Why are so many scientist skeptics? Because naturalism is an implicit part of the culture of science and science students are indoctrinated in that philosophy during their education. Naturalism is the belief that science should only study natural processes and consider natural explanations for phenomena. This is a mistake. Science should be the search for the truth where ever it leads. This flaw in the culture of science is due to a large extent to T. H. Huxley and the X club. The X Club was Founded by T. H. Huxley and played an important role in making naturalism a fundamental tenet of modern science.

The nine men who would compose the X Club already knew each other well. By the 1860s, friendships had turned the group into a social network, and the men often dined and went on holidays together. After Charles Darwin's On the Origin of Species was published in 1859, the men began working together to aid the cause for naturalism and natural history.


More importantly, the men of the club all shared an interest in natural history, naturalism, and a more general pursuit of intellectual thought free from religious influence, commonly referred to as academic liberalism.

- Wikipedia

One of the great successes of the X Club was engineering the supremacy of Darwinsim over the theories of Alfred Russel Wallace who also discovered the theory of natural selection. Darwin was an agnostic who believed in naturalism. Wallace was a Spiritualist.

Why isn’t Wallace remembered like Darwin?

The reasons are complex but largely related to the complete and sweeping dominance of Darwinian evolution. From the very beginning, when the theory of natural selection was unveiled to the scientific community at the Linnean Society on July 1, 1858, the entire program was engineered by Darwin’s colleagues and close friends, Joseph Hooker and Charles Lyell, to give their friend priority. When Origin was published a little over a year later modern evolutionary theory became Darwin’s theory. Another of Darwin’s allies, his “Bulldog” defender Thomas Henry Huxley, sought to solidify the theory by managing its every promotional and public aspect so as to gain paradigmatic status for it within the scientific community. In order to facilitate this end, Huxley composed the X Club, a group of eight kindred spirits: Huxley (the leader), Joseph Hooker, John Tyndall, George Busk, Edward Frankland, Herbert Spencer, Thomas Hirst, and John Lubbock. Under Huxley’s skillful management the X Club ensured the success of Darwinism, establishing it as the preeminent theory of biological life first in England and later throughout all of Europe. As if this weren’t enough to consign Wallace to obscurity, his insistence upon using the term “Darwinism” in the context of his own very different theory tended only to cause confusion and misunderstanding. Today, when Wallace is mentioned at all it is usually through a decidedly Darwinian lens.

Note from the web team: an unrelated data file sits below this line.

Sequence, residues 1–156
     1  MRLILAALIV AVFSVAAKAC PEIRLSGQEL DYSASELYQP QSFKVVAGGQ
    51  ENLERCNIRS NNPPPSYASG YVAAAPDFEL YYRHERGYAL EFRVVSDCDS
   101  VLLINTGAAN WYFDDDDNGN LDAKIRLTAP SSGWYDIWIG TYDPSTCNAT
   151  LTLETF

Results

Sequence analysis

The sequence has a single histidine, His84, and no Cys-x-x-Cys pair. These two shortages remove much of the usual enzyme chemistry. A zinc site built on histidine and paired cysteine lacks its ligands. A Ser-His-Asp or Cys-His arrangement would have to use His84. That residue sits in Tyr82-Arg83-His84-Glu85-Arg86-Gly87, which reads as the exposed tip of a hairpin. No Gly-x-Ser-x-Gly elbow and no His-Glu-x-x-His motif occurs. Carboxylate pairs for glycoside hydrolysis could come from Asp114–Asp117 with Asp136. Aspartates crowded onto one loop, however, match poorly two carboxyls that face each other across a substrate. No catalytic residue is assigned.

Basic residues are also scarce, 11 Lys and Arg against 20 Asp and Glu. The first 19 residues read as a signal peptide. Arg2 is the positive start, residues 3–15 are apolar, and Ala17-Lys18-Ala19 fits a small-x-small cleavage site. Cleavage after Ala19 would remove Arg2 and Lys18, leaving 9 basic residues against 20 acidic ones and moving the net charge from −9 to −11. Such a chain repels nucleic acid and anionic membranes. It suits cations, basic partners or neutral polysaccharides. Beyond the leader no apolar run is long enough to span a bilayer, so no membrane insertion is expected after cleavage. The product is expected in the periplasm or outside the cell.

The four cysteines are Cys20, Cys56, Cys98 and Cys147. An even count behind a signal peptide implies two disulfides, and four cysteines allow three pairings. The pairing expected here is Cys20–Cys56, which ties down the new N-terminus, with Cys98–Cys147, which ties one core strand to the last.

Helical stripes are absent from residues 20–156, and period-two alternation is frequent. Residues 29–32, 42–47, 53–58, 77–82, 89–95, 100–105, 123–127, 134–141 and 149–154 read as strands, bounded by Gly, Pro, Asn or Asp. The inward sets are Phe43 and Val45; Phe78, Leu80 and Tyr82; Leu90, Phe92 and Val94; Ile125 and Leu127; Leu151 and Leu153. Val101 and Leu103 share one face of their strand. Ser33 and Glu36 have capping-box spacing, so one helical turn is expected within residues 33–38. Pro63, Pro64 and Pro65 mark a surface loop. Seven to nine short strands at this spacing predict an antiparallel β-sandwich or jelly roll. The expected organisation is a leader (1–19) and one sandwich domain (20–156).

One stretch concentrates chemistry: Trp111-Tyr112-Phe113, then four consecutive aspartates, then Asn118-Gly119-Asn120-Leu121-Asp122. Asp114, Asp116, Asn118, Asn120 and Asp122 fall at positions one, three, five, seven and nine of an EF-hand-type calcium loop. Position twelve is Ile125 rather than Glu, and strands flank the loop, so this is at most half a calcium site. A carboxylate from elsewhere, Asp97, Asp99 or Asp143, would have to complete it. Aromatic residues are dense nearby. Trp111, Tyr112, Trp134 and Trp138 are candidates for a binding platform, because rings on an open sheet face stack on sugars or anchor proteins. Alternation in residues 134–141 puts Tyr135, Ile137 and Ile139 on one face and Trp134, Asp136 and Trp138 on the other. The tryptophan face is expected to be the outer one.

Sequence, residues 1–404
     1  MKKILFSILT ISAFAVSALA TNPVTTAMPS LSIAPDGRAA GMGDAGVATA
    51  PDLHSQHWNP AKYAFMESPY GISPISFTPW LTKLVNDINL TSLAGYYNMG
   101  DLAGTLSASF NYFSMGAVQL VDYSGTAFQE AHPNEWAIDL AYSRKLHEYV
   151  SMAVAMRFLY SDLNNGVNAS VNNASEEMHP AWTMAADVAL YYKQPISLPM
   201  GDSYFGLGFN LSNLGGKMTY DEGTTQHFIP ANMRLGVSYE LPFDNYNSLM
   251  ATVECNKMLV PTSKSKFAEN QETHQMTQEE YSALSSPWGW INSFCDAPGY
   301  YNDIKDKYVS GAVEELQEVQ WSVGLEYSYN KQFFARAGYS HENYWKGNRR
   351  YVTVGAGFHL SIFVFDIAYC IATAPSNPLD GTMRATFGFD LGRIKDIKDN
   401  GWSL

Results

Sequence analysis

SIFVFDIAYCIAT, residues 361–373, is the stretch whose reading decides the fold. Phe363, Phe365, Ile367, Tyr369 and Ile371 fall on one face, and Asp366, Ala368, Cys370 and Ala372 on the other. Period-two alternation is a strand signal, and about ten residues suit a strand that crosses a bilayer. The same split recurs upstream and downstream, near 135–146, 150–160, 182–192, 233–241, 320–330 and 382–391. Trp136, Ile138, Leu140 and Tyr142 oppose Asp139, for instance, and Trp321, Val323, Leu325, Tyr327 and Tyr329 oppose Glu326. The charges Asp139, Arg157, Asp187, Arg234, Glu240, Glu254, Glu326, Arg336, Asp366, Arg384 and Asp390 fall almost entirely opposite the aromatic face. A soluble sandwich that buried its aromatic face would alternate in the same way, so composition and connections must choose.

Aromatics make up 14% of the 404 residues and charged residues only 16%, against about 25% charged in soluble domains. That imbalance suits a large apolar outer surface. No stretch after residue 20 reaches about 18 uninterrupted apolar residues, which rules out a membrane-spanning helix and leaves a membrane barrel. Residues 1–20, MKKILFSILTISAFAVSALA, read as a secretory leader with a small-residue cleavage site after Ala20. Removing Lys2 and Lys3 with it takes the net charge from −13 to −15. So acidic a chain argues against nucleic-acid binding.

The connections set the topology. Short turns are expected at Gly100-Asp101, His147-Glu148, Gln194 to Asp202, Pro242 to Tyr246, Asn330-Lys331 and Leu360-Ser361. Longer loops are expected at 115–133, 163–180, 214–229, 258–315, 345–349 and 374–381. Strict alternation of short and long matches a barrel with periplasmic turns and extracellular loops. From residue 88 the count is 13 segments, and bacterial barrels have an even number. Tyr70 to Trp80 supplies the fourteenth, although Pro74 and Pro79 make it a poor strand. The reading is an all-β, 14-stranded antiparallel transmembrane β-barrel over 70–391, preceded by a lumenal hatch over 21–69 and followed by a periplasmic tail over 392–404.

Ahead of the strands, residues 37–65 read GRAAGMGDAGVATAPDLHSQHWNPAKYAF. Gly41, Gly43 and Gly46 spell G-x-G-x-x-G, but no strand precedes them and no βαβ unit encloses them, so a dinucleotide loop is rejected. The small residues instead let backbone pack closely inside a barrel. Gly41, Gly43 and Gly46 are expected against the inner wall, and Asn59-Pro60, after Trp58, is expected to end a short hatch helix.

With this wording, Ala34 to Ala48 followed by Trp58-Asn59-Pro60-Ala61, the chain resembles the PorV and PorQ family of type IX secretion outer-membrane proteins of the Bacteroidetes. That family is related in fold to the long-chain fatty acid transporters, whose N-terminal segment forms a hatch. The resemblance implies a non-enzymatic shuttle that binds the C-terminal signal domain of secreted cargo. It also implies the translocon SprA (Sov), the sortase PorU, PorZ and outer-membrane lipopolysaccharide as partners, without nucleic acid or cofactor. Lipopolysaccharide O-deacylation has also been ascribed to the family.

This conspiratorial tradition continues today in the persecution of scientists who criticize Darwinism, advocate intelligent design, or suggest psychic phenomena are real and are deserving of scientific study.

The formation of the X Club was happening during the second half of the 19th century, also the time the Society for Psychical Research was getting started. Huxley did not want studies of psychic and Spiritualist phenomena to become part of science.

The only good that I can see in the demonstration of the truth of "Spiritualism" is to furnish an additional argument against suicide. Better live a crossing-sweeper than die and be made to talk twaddle by a "medium" hired at a guinea a séance.

Review in the Daily News (17 October 1871), quoted in Life and Letters of Thomas Henry Huxley F.R.S (1900) edited by Leonard Huxley, Vol. 1, p. 452.

Because of T. H Huxley and the X club, naturalism has become so ingrained in modern scientific culture and education, students don't even realize they are being indoctrinated. Because of this, Huxley can be considered a major cause of modern of science's intolerance to psychic phenomena and the source of modern pseudo-skepticism.

It is unfortunate that Darwin was used this way in the adoption of philosophical naturalism and materialism by the scientific establishment. Materialism is a gross misrepresentation of Darwin's thinking. Darwin believed that natual laws were designed - which is a form of intelligent design. Darwin also doubted human reason could be reliable if it arose through natural selection. If you cannot trust reason, then it is not rational to believe in anything including materialism. This argument is a well known flaw in materialism whereby materialism refutes itself. Darwin's beliefs did not support materialism yet his theory of natural selection is a keystone in the philosophy of materialisim because it provides materialism with an explanation of how complex organisms arose naturally.

Because naturalism is such an integral part of the scientific worldview, working as a scientist tends to brainwash a person into believing in physicalism. This is because scientists spend all their time trying to find physicalist solutions to problems. They get stuck thinking that way and can't conceive there might be something that current science can't explain or that there could be significant gaps in scientific knowledge. Like the proverbial man with a hammer to whom everything looks like a nail, to a scientist every question must have a physicalist answer.